Last week, I met with a group of business owners in Houston. It’s an impressive group of sharp, committed leaders who meet monthly for the purpose of professional development. They are clearly intent on the profitable growth of their enterprises. The average age of the companies represented is 11.2 years; three of the 13 businesses are more than 20 years old. These companies have experienced the kind of longevity that develops lessons in leadership as well as resilience. There are achievements and there are setbacks; there are spontaneous, unanticipated events, and there are grand surprises.
We discussed these occurrences within the context of what we referred to as the Progress Cha Cha.
Like the popular Afro-Cuban dance, the Progress Cha Cha seems to have unique timing, rhythm, and movement as its central elements. How many times have you heard it said, “I can’t seem to get anywhere—as soon as I take two steps forward, I take one step backâ€?
This was part of the Houston conversation last week. Although I am by no means an expert dancer, for the sake of example, I demonstrated what it physically looked like to take two steps forward and one step back. Then I repeated it continually, each time gaining confirmation from the business owners that this was what their experiences had been like.
The demonstration sped up and became more like a dance step. Just for fun you should try it. Go to one end of the room and work your way to the other, by sequentially taking two steps forward and one step back over and over until you reach the other wall.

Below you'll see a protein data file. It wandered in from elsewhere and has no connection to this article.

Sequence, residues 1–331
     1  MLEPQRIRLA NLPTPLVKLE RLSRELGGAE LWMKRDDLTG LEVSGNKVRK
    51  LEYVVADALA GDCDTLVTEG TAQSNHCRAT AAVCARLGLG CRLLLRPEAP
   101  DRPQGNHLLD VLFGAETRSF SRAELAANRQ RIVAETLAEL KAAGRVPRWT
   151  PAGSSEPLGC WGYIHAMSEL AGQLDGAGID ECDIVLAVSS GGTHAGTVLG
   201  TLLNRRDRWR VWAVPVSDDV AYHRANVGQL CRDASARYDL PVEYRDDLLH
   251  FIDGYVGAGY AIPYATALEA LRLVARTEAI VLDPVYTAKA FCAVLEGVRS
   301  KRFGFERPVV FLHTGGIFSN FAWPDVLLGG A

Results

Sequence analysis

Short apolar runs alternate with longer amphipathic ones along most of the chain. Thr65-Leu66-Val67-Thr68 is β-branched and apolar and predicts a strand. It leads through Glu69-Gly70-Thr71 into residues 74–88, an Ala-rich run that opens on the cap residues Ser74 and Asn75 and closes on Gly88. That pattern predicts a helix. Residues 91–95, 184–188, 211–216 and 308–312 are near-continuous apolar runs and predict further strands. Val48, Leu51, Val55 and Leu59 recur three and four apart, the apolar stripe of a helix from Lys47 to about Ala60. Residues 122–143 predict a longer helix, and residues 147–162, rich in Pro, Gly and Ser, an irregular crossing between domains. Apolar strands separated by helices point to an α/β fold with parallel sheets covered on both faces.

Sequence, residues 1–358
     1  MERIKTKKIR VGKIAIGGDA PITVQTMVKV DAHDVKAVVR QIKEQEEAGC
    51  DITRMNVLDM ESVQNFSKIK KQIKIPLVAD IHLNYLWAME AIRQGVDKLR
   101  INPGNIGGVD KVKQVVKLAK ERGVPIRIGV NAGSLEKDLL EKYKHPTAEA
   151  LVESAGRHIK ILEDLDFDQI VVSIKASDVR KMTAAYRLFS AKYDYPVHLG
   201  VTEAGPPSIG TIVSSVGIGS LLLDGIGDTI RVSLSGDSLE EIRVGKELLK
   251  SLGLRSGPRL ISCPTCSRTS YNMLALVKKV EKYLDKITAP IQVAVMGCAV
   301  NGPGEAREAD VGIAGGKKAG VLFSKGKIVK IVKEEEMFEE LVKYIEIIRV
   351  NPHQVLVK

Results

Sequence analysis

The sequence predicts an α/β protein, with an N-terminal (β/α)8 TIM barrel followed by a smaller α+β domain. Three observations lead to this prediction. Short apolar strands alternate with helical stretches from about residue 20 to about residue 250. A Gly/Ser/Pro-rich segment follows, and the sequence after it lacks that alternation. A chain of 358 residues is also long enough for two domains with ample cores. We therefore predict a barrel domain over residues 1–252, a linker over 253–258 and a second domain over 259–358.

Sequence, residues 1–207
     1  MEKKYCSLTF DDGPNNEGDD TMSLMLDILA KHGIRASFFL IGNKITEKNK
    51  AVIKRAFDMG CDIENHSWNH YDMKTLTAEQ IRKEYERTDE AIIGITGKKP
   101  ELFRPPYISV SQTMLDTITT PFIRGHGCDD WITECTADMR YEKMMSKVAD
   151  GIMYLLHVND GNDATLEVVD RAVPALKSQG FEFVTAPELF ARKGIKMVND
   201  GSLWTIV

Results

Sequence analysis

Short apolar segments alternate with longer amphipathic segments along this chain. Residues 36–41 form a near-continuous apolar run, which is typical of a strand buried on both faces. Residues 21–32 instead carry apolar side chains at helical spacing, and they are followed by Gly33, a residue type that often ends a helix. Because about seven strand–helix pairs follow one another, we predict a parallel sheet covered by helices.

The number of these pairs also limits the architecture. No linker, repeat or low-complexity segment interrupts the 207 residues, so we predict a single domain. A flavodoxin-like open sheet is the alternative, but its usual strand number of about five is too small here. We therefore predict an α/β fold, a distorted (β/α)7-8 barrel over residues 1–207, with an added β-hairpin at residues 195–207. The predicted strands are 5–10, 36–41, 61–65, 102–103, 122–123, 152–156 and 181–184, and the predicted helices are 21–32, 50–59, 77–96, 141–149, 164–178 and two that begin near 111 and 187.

You will note what we observed as well, that in spite of the appearance of failure (regressive steps), or conversation of setbacks, it is the reality of achievement that there be forward as well as backward movement. Together they form progress.
To label backward movement as failure is as unnecessary as it is to label forward movement achievement. Such labeling indicates a lack of understanding. Movement is movement. Both directions are essential to completion. Both serve needed purposes and teach lessons. Together they are transitive, in that each of the two directional steps in the place of the other, change positions to take us somewhere else. Not where we are currently.
Not where we have been, but leading us to where we are going next. This alternating position has the potential to provide new insights and opportunities. That said, it appears that attainment of any objective is rhythmic with recurring intervals or patterns of built-in periods of movement, direction, and rest. It only stops when the object in motion (you) ceases all effort; until that time there is constant, sometimes almost imperceptible, movement.
It is like that in everything—sports, business, science, just to name a few.
Expect that you are in that same flow, following the natural rhythm to achievement—the Progress Cha Cha, if you will. Do not think that there is a special movement for you but you are part and parcel of the one movement that is continually at work indiscriminately for us all.